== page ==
A water soluble vitamin. Vitamin C has antioxidant properties, potentially protecting cells from oxidative damage caused by free radicals. Vitamin C is also involved in the synthesis of collagen. This is required for the normal structure and function of connective tissues (skin, cartilage and bones). It is also involved in the normal structure and function of blood vessels and neurological function. Vitamin C increases the absorption of non-haem iron (iron from plant sources) in the gut. Main food sources are fresh fruit (especially citrus fruits), green leafy vegetables, broccoli, potatoes, peppers, tomatoes, berries and currants.
Deficiency will result in weakness, slow wound healing, infections, bleeding gums and anaemia.
The recommended intake to avoid deficiency is 40mg per day.
Dietary vitamin D exists as either ergocalciferol (vitamin D2) or cholecalciferol (vitamin D3). Dietary sources are relatively insignificant compared with the synthesis in the skin from exposure to sunlight or ultraviolet rays, because there are not many rich food sources of vitamin D.
Vitamin D is a fat soluble vitamin. Main food sources are liver, oily fish, eggs, fortified dairy products, cereals and margarine. Vitamin D increases calcium absorption from the intestine and promotes and helps regulate bone formation. Lack of vitamin D will result in rickets in children and osteomalacia in adults.
It is recommended that pregnant and lactating women and people aged 65 years and over take vitamin D supplements (10µg per day). For other ‘at risk’ groups, for example ethnic groups that have limited sun exposure because of their style of dress, supplements may also be necessary. Infants are recommended to receive supplements containing 7-8.5µg of vitamin D.
Vitamin K is a fat-soluble vitamin. It is an essential component in the body’s normal blood clotting process. The main food sources are dark green leafy vegetables (such as cabbage, sprouts, cauliflower and spinach). Besides getting vitamin K from food, we also get it from our own bodies as it is produced by bacteria in the bowel. Anybody who undergoes a long course of treatment with antibiotics is at risk of a vitamin K deficiency as the antibiotics will kill off the gut flora, thus putting them at risk.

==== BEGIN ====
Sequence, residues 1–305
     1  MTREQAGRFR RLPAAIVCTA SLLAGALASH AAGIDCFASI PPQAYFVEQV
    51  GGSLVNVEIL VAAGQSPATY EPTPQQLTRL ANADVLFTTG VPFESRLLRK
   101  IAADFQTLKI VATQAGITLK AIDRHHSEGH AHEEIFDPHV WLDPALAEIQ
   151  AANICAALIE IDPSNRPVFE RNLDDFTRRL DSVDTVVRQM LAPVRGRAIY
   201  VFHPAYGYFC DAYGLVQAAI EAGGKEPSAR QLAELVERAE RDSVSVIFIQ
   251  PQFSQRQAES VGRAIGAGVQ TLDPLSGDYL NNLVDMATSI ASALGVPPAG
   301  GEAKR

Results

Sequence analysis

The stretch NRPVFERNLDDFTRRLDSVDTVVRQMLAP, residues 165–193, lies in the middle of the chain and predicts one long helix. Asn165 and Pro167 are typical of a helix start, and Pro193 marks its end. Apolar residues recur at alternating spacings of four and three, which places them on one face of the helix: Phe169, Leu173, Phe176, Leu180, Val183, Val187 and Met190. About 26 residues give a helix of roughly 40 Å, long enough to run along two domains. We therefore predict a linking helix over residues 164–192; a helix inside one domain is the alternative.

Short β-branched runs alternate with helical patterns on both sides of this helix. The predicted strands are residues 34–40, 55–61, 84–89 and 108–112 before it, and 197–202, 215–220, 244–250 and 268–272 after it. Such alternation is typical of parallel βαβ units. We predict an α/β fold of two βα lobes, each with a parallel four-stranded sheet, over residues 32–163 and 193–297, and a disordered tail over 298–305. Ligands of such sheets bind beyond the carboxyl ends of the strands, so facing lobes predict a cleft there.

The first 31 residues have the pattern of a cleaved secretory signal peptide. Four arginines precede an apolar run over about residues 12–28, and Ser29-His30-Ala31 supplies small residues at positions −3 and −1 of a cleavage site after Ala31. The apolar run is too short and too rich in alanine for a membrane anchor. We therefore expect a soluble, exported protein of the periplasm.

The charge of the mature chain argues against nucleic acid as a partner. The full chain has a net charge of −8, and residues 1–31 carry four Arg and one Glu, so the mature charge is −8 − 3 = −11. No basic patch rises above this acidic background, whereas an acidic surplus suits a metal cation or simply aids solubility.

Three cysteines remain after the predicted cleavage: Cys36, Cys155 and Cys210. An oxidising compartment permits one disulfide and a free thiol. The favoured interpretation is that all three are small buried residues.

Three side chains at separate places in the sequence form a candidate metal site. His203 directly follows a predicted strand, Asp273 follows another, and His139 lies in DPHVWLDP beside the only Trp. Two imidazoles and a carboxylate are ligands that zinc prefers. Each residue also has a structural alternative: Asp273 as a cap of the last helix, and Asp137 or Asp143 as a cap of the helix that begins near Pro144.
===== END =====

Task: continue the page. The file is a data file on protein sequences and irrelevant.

The dietary reference value for vitamin K is between 0.5-1.0µg/kg/day.
When the number of calories consumed through food equals the calories the body expends (through normal physiological processes and physical activity) body weight will remain the same.
If weight loss is desired the calories consumed must be less than the calories expended. A calorie shortage of 500 Kcal per day will produce roughly 1lb of weight loss per week.
Even a small calorie excess can eventually cause weight gain. A surplus 100Kcal per day (such as 1 biscuit) over a year would lead to weight gain of about 10lb.
Zinc is a trace element that has several important functions in the body including cell reproduction. It is also involved in the metabolism of carbohydrates, fats and protein and helps with the healing of wounds.
Good food sources of zinc include meat, shellfish, dairy foods and cereals. The amount of zinc you need is about:
- 5.5-9.5mg a day for men
- 4-7mg a day for women